Digital signage software already offers a mature infrastructure for convenient content updates. However, most people only understand content in the context of media such as videos and images. If we expand the term “content” to include applications, we assimilate (resistance is futile) virtually the entire industry of kiosk systems. Digital signage is now becoming a new generic term for multimedia information systems. Regardless of whether they are interactive or not.
HTML provides the basic component for integrating applications into digital signage. The current incarnation of HTML5 in particular is like a revolution. While applications used to be dependent on the computer's operating system, nowadays standard-compliant HTML5 apps don't care at all. They run on Android, Linux, Windows, macOS on Chrome, Safari, or Firefox. Just like Google Docs, Canva.com, or other complex web apps.
We call these applications digital signage widgets in our industry, and the linked article discusses this brilliant approach in detail. Elaborate porting, complex integrations and switching costs become a thing of the past. The digital signage customer benefits from a broader set of solution options and the resulting competition.
I cannot point out clearly enough the consequence of this technique. This goes far beyond simple weather templates! Taken to the extreme: An ATM additionally informs tourists, sells tickets or entrance fees, and does marketing through simple updates. The technical standards for synchronization and execution already exist with SMIL and HTML5.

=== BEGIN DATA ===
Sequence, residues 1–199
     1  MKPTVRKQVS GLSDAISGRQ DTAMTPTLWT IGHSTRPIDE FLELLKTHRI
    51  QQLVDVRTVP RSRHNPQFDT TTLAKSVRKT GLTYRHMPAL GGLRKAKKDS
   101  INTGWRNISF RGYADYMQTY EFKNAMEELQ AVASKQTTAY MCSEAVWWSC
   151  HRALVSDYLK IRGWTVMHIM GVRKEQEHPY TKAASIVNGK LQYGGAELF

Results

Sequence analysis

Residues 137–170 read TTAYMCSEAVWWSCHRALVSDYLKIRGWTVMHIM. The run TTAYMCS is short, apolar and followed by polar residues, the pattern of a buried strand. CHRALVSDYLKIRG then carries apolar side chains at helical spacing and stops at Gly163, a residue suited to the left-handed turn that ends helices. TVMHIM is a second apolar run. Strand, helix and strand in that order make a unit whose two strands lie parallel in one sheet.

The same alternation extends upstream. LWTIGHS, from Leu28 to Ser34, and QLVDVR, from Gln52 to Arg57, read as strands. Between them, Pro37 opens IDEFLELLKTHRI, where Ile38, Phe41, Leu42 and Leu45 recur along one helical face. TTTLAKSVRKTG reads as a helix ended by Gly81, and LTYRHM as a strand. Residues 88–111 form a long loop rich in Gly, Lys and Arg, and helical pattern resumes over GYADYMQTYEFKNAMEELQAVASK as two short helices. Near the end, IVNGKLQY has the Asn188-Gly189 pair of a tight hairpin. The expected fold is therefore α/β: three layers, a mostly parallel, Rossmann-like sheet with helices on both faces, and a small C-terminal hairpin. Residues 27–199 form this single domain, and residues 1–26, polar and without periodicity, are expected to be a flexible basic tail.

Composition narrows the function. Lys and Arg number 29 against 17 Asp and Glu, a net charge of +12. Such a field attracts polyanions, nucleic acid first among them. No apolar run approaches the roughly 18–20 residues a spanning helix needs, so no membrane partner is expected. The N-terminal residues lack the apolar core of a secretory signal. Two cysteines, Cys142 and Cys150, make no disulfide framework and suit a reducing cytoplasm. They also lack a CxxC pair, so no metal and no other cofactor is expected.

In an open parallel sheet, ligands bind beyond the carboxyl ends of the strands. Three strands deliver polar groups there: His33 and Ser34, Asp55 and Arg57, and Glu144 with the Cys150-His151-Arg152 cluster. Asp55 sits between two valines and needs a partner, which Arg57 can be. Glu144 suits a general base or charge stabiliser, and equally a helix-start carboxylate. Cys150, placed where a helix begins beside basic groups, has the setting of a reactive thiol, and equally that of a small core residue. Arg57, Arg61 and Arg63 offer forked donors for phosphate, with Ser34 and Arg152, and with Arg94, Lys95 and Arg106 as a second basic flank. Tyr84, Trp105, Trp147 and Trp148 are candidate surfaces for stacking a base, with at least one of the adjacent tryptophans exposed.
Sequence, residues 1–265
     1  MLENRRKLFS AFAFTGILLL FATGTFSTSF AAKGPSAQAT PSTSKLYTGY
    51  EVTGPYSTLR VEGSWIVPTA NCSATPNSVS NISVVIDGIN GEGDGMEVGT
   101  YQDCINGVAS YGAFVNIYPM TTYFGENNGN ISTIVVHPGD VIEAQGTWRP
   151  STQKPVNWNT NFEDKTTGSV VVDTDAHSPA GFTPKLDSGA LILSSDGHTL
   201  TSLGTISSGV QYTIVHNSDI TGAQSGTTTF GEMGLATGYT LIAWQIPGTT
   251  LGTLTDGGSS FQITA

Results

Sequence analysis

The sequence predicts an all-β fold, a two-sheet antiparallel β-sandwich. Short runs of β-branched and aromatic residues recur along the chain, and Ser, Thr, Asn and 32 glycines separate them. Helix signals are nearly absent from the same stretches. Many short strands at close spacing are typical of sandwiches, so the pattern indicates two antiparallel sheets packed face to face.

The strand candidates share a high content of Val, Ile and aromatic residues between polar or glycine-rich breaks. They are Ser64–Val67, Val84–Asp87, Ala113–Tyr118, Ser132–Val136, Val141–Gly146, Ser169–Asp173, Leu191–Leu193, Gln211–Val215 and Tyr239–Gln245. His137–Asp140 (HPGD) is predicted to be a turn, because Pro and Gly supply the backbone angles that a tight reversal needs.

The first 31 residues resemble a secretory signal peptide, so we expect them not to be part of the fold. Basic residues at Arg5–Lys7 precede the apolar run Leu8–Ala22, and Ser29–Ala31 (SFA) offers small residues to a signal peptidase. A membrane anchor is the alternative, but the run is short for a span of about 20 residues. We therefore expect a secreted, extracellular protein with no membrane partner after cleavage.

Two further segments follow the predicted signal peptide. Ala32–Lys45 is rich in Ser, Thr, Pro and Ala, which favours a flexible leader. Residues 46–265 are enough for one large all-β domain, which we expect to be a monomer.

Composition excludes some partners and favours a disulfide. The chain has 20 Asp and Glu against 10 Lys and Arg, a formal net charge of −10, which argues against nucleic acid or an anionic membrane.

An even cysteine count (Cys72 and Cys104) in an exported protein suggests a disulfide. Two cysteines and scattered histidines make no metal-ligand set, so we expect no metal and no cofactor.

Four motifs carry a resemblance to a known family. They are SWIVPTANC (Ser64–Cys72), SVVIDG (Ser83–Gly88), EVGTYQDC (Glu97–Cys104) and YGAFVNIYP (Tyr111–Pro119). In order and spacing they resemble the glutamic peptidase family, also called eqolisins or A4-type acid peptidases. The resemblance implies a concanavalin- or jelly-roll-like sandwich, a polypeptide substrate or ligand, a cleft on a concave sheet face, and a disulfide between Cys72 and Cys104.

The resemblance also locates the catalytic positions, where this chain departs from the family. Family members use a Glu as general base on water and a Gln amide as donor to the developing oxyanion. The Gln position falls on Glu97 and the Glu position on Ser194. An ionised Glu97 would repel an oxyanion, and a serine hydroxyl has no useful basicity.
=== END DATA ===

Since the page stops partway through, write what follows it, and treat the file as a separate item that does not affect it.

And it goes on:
Opportunities for Feedback
It doesn't always need to be the complex application with multiple nested menu hierarchies. Digital door signs with simple touch screens in a hotel also fulfill the requirement of interaction.
If, moreover, a simple feedback option is available, a seemingly small gimmick highlights sources of error and helps companies to improve their service. Actually, that's priceless.
Flexibility of Screens
A digital signage touch display features incredible flexibility because a user interface is easily replaced and improved by a simple update. This is not so easy with a device that has analog buttons, switching elements and wired logic.
Let's take queue management as an example. The corresponding systems used to be designed elaborately and produced expensively in more or less small series. Any design or logic errors were extremely costly and had to be avoided at all costs. This complicated and made the development of the equipment more expensive. Only a few specialized companies were able to offer such solutions.
Nowadays, relatively inexpensive monitors and interactive digital signage software replace most components. This simplifies production, support and brings more competitors to the market. Customers benefit from increased variety and more favorable prices.
Interactive digital signage does not necessarily mean conscious interaction. Cameras and other sensors record faces or other data and decide independently which content to display.
A few years ago, I developed a facial recognition software who detected gender and certain age ranges in a privacy-compliant manner without network access for a customer. As a result, men were shown different content than women. By the way, while the recognition worked great for gender, the results for age were rather modest.